I started by saying the Brown knows the words about entrepreneurship, but not the tune. Then, by chance, I heard again the wonderful song by Jerry Leiber and Mike Stoller, and wondered if the chancellor even has the words right. “Some cats have it,” they write. “The old prospector’s nose for gold . . . these mysteries one cannot explain. Some cats know. They don’t come on huffin’ and a-puffin’ and a-grabbin’. Some cats know how to take it nice and slow, but if a cat don’t know, he just don’t know.”
Gordon Brown may be what British columnists call a big beast in the political jungle, but he just don’t know how to release the animal spirits that John Maynard Keynes identified as so crucial to an economy’s success.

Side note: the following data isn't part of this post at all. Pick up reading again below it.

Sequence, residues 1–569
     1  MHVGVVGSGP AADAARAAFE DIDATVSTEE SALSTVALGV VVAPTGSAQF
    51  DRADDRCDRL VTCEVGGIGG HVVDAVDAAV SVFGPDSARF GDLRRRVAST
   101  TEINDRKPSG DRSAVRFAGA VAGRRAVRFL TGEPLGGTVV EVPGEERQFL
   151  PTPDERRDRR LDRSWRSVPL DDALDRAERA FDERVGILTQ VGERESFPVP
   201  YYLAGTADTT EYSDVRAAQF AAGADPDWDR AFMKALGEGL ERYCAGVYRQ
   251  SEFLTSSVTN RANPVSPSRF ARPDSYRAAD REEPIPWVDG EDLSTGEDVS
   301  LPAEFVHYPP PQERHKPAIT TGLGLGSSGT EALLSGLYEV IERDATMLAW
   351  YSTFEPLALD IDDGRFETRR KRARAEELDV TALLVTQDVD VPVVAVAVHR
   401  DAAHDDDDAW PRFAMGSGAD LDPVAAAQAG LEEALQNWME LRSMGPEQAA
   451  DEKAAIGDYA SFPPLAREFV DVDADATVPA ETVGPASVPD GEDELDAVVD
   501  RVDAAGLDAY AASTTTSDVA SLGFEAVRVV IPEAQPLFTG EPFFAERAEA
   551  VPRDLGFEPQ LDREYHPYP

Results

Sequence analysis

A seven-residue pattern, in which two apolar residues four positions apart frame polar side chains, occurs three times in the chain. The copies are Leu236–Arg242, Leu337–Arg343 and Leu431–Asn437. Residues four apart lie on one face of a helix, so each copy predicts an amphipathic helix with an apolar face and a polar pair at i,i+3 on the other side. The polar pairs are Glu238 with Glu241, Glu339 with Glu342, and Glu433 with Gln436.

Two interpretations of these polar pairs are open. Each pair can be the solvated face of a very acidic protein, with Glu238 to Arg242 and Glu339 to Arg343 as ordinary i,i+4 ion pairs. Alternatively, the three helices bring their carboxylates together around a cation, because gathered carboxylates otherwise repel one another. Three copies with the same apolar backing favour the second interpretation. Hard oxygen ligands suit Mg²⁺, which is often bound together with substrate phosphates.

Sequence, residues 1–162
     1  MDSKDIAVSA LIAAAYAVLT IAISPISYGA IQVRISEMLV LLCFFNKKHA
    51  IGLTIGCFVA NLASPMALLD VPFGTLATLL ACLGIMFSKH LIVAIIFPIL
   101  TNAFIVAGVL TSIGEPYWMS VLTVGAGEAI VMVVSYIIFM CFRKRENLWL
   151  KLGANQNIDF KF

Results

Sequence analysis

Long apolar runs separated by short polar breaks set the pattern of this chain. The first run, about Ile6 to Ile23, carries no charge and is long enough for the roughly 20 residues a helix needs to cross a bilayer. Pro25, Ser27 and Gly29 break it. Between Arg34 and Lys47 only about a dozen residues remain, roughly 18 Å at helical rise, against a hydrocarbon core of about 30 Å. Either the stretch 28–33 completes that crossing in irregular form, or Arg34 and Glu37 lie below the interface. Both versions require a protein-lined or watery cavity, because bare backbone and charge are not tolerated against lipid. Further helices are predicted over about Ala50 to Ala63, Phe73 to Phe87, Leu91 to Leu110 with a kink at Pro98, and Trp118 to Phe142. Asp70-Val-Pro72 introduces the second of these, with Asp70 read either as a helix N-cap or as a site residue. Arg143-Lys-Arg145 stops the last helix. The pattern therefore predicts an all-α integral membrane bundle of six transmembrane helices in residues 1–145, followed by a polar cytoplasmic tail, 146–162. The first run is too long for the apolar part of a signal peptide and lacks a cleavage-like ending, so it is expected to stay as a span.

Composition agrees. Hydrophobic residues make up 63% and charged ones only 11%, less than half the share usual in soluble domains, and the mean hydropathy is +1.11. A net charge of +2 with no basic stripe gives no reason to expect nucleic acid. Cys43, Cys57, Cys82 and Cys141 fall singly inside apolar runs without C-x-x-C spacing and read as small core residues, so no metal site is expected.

This column originally appeared in London’s Sunday Times on April 13, 2003.
Irwin Stelzer is a Senior Fellow and Director of Economic Policy Studies for the Hudson Institute. He is also the U.S. economist and political columnist for The Sunday Times (London) and The Courier Mail (Australia), a columnist for The New York Post, and an honorary fellow of the Centre for Socio-Legal Studies for Wolfson College at Oxford University. He is the founder and former president of National Economic Research Associates and a consultant to several U.S. and United Kingdom industries on a variety of commercial and policy issues. He has a doctorate in economics from Cornell University and has taught at institutions such as Cornell, the University of Connecticut, New York University, and Nuffield College, Oxford.